So what’s your allergy story? Please share in the comments section below.

This post was submitted by Tracey Brown.

Film: Four Local Profiles of Real Sustainability

Sustainability has been a hot topic in Harrisonburg in recent years. Many groups and causes have developed to raise awareness about issues, ranging in focus from JMU’s Institute for Stewardship of the Natural World to the Voluntary Gas Tax to EMU’s planned solar power project and much more.

Each of these projects are championed by individuals or small groups that provide the vision and drive to create new opportunities to learn about and implement ways to live that decrease environmental impact and, many times, increase quality of life.

Cyndi Gusler is featured in Pathways to Whole.

This Saturday, four such leaders will be profiled in the premiere of the 2010 Documentary Production Class film entitled, “Pathways to Whole – Stories from the Journey.”  Admission to Court Square Theater is free, and donations are accepted.  Paulette Moore, EMU professor, was a lead producer in the film.  From the press release:

This documentary focuses on the lives of 4 main characters and how each one has found a way to address the smaller and larger issues within the systems they live in through biking, gardening, art and peace building, among other things.

Tom Benevento is from Harrisonburg, Virginia and an active member of Our Community Place (OCP) and New Community Project. He loves to garden and bike and is involved in a bike movement project that is starting up. Recently Tom traveled to Davis, California with others from Harrisonburg, including Mayor Kai Degner, to learn about how they’ve made biking a sustainable system in their town. Tom and the others hope to make Harrisonburg more bike-friendly and incorporate a similar system here.

Skip Bracelin, member of Our Community Farm in Harrisonburg, Va, has done and seen a lot of things in his lifetime. Skip spent over half a year traveling the Appalachian Trail with his wife and two dogs. He currently lives and works on Our Community Farm and is an active participant in the daily activities there. He is a talented gardener and loves taking care of plants and animals, as they are all connected to us and each other in some way.

Cyndi Gusler is chair of the Visual and Communication Arts department at Eastern Mennonite University (EMU). Cyndi has been studying and creating art since her undergraduate studies at EMU. She considers using found materials her main art form. Cyndi recently went on a trip to Guatemala to learn about and study permaculture and how it relates to art. She currently works and lives in Harrisonburg, Virginia with her husband Chad and two kids Aaron and Lily.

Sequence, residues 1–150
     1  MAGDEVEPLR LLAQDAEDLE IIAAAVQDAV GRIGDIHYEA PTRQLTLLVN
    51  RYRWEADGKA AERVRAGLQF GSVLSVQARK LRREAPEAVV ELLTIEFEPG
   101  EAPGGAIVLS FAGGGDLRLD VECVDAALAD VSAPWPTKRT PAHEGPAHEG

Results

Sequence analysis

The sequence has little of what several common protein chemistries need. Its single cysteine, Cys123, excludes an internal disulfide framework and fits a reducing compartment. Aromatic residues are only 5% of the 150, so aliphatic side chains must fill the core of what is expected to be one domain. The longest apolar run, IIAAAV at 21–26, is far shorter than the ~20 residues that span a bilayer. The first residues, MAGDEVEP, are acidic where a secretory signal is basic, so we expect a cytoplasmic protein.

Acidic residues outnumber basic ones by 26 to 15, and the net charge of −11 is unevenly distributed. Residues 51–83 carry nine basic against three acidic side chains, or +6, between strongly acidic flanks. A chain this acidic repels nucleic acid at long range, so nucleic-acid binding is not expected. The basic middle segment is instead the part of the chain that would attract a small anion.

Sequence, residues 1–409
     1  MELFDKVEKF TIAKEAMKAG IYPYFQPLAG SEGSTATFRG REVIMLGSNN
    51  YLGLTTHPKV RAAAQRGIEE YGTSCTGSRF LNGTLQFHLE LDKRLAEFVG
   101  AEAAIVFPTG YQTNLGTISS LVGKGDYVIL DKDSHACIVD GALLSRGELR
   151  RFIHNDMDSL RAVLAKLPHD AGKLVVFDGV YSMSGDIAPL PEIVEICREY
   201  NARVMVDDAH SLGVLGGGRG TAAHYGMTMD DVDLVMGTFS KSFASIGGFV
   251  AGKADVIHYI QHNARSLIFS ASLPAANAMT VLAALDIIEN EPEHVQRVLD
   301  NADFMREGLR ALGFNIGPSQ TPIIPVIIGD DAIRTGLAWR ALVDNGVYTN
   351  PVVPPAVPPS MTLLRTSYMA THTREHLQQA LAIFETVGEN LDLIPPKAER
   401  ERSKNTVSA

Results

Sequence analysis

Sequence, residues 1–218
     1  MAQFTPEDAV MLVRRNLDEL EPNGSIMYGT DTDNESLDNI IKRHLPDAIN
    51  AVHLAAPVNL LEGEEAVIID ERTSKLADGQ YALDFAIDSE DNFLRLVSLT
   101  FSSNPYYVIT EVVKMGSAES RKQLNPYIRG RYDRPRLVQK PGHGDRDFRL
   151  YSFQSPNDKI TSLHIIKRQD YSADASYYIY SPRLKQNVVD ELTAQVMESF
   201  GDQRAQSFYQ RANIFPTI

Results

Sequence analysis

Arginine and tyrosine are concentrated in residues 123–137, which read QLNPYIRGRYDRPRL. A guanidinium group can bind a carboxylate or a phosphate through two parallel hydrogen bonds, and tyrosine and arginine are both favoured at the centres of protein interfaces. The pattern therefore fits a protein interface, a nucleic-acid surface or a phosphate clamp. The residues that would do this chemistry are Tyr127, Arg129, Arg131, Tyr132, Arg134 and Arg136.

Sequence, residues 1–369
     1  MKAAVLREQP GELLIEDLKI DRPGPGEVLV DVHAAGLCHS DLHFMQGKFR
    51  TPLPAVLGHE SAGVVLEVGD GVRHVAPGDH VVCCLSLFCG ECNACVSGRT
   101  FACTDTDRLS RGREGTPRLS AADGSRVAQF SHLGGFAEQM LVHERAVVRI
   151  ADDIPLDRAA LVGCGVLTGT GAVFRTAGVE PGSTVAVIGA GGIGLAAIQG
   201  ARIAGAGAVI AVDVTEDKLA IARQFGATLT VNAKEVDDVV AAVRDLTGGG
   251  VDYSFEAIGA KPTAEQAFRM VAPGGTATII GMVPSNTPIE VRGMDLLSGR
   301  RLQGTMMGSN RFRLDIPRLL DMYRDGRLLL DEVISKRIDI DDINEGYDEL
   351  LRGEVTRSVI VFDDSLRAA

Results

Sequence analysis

Titus Peachey currently works for Mennonite Central Committee (MCC) as the director of Peace Education. An EMU alum, Titus has spent time living and serving overseas in Laos with MCC after serving in Vietnam as a conscientious objector during the war there. In Laos he became interested in working at removing cluster bombs that were left in the ground from the silent air war over 40 years ago. He currently lives in Lancaster, Pennsylvania but continues to work at peace building and speaking out against the dangers and harm of cluster bombs in Laos and other countries. He is also a member of the board for the group Legacies of War, based in D.C. and works closely with the director, Channapha Khamvongsa.
Date: Saturday April 24, 2010 (tomorrow)
Time: 7:30 pm
Location: Court Square Theater, Downtown Harrisonburg
Duration: 2 hours
Intended audience: general public

Fish Kills in Shenandoah Begin (Again)

The lesion mainly impact young small mouth bass and red-breasted sunfish.

Since 2004, the spring season has marked the beginning of fish dying in the Shenandoah River.  The Virginia Department of Environmental Quality and the Department of Game and Inland Fisheries released yesterday a press release indicating they are receiving early and isolated reports of fish kills.

The public is being urged to help the investigation by reporting fishkills with location, date, any unusual water conditions, types and numbers of fish, and photographs.  According to yesterday’s release,

The impacts appear to be most severe among smallmouth bass and sunfish, although other types of fish also have been affected. Outbreaks often are accompanied by open sores, or skin lesions, in many of the diseased fish. Typically these events have begun in the spring when water temperatures rise into the 50s and have continued until water temperatures reach the mid-70s, generally running from early April until mid-May.

While the Shenandoah River Fish Kill Task Force has been studying the issues for years, no “smoking gun” has been found as cause for the fishkills.


Full release from the DEQ:

When the water temperature is right, sunfish in the Shenandoah River and beyond have been impacted by bacterial lesions.

April 19, 2010

Contact: Bill Hayden, DEQ
(804) 698-4447

RICHMOND, VA. — The Department of Environmental Quality and the Department of Game and Inland Fisheries continue to track and investigate springtime fish disease and mortality events that have occurred in several rivers in the western part of Virginia in recent years. Only a few isolated problems have been reported to date this spring, but as the period begins when these events have occurred in past years, the state agencies are enhancing their investigation by seeking input from the public.